Wilson cited several influences for the costume design, including designs from Carroll’s time and film adaptations of the book – including Disney’s 1951 “Alice in Wonderland” animation and live-action version directed by Tim Burton in 2010.

“But then how can we diverge historically and make it look like fantasy,” Wilson wondered.

Wilson’s thought process for the costumes led to further questions: “How many costumes can I possibly give each character with enough time to change?” How many costumes do I need to tell the story? And how can I create the feeling of “Wonderland”, because the costumes are very environmental? »

The team also includes technical director Caleb Robinson and stage manager Jax Jessop, who work on lighting design, stage props and sets.

The effort impressed the author, who sent them an email of support. “The way you’ve maintained the heart of the story (pun totally intentional) while adapting it to the scene is just brilliant,” Meyer wrote. “The music is so powerful and dramatic, and I love all the lyrics to the songs…It literally gave me chills.”

Meyer told the students that if they continued producing him, she would like the chance to see him perform. True to her word, she said she was flying to Utah to see the show; she is also planning a book signing at King’s English on April 22.

What makes a villain?

The story of ‘Heartless’ follows a pattern set by the book (and musical) ‘Wicked’ and recently followed by Disney’s ‘Cruella’ – to dig into a notorious villain’s past and find out what made them as they are.

In “Heartless”, the story begins with Cath wanting to be a baker (prefiguring Lewis Carroll’s nursery rhyme pies), but her mother insists that she marry the King of Hearts.

Said Thomas, the musical’s other co-director, “It’s kind of the circumstances you’re put in because it goes with the whole ‘evil isn’t born, it’s made’ thing.” everyone is blessed with good or bad life experiences and it all depends on how you deal with them.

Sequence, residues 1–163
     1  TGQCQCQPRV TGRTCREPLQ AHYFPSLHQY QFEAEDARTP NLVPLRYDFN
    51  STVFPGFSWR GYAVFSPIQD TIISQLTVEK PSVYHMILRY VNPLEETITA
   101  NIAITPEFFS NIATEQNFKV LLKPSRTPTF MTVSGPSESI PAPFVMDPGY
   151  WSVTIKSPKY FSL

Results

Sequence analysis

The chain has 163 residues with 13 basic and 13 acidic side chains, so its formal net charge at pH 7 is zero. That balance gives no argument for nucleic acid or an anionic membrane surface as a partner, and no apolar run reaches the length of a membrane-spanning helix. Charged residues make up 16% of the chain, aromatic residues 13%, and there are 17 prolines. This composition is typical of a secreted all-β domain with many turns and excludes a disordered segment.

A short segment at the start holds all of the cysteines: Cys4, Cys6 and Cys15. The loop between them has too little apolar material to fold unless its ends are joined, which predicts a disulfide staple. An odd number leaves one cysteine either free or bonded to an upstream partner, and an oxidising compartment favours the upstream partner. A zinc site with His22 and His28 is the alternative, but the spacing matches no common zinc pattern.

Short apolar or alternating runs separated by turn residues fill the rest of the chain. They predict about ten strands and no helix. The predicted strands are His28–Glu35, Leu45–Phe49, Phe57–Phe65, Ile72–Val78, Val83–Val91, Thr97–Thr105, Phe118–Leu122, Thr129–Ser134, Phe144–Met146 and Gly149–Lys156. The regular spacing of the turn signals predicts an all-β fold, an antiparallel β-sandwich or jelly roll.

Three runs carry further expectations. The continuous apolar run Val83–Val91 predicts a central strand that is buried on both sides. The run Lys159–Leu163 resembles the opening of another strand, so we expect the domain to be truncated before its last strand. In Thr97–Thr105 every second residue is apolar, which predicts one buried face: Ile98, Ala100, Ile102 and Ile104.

England noted that “every villain is a bit broken and something has happened to them that makes them that way. At the beginning of this story, you see Cath, [and] nothing will ever turn her into what she [ends up becoming] because he’s such a nice person. She is so broken inside by what happened that she becomes a completely different person.

The teenagers discovered that they were connected to different aspects of Cath.

“What I always love about Catherine as a character,” Boam said, “is that you read the book and she’s not a good person. She’s spoiled. She’s cocky. She’s a kid, and you sympathize with her anyway, because she’s passionate and you can relate to her.

Wilson added, “In a way, she’s a bit like us. She is in her older teens, [with] all of these ideas for his life, but little or no control over them because of the authority figures in his life.

Kenny Howick, who plays both the March Hare and the White Rabbit, said YA books like “Heartless” confront the real issues facing teenagers; in this case, there are mentions of Cath’s issues with body dysmorphia. “It’s a huge problem that builds up in self-esteem and how they view themselves,” Howick said.

Ava Hendrickson, who plays the character of Mary Anne in the production, said that “high school kids, we don’t listen to them, we don’t give them credit, and I think for her it’s the same. She grew up in this world where she has something she’s meant to be in. There’s this mold that everyone wants her to fit into.